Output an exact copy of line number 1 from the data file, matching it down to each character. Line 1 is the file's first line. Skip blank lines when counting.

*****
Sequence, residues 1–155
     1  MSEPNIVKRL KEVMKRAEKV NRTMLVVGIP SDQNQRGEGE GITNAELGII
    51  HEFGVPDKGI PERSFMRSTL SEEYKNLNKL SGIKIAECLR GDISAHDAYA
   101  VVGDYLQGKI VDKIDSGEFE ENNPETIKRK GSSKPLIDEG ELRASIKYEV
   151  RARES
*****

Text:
Sequence, residues 1–155